Clones - History

History

Clones was the site of a monastic settlement in the kingdom of Dartraige Con-innsi, originally founded by Tigernach (anglicised Tierney) in the 6th century, until the dissolution of the monasteries by Henry VIII. St. Tigernach or Tierney's abbey, built in the early 6th century was dedicated to St. Peter and St. Paul. Tigernach later became Bishop of Clogher and removed that see to Clones, where he died of the plague in 550. The abbot was the Primus Abbas, or first mitred abbot of Ireland. The ruins of a 12th century abbey building can still be found in the town, along with a sarcophagus reputed to have been built to house the remains of Saint Tighearnach, and a 9th century round tower and high cross.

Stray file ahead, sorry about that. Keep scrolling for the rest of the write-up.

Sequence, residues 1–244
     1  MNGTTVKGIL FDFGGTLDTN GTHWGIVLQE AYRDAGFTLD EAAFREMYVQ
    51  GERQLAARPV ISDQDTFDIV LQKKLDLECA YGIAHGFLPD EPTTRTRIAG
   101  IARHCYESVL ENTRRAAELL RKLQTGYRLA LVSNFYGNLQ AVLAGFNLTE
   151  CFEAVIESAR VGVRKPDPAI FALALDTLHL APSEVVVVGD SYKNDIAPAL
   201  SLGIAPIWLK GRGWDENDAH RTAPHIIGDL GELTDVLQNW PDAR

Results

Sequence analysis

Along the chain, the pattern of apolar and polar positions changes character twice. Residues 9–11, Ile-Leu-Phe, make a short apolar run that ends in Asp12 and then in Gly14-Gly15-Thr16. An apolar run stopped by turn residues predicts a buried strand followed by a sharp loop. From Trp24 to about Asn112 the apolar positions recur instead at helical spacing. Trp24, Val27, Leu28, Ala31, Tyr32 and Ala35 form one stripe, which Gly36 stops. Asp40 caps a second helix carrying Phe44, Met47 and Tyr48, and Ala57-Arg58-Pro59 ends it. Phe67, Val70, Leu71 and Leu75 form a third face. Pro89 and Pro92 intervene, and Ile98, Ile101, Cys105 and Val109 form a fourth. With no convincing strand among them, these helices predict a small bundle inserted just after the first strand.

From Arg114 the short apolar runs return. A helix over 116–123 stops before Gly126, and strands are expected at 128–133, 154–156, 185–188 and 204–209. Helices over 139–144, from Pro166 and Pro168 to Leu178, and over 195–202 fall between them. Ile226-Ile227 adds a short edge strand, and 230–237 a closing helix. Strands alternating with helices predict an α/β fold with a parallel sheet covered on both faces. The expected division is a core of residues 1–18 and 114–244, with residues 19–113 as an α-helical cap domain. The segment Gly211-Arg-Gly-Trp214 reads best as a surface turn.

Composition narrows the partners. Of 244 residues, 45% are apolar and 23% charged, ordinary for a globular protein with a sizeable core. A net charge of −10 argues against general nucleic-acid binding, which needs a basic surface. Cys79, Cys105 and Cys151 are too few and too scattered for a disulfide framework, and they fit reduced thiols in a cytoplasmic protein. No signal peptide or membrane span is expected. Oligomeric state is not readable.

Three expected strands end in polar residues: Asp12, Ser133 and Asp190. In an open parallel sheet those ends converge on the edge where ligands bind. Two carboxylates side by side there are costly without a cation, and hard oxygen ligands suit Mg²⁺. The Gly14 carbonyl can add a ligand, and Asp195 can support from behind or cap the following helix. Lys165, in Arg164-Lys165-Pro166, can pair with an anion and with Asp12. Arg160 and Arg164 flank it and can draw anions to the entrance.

In February 1922, just after the partition of Ireland, Clones was the scene of a confrontation between the Ulster Special Constabulary and the Irish Republican Army. The Special Constabulary were a temporary, armed police force raised in Northern Ireland to put down IRA guerrillas there. Since the end of the Irish War of Independence in July 1921, the IRA were acting as the de facto army of the Provisional Government of the Irish Free State. A unit of Special Constabulary was travelling by train to Belfast, but was stopped by an IRA unit at Clones, in Southern Ireland, while they were changing trains. The IRA men demanded that they surrender and a gun battle broke out. An IRA officer was killed, as were four Special Constables. Nine other USC men were injured and the rest surrendered. The incident, known as the 'Clones Affray' at the time, threatened to cause the collapse of the Anglo-Irish Treaty and prompted the British government to suspend the withdrawal of British troops from the Free State.

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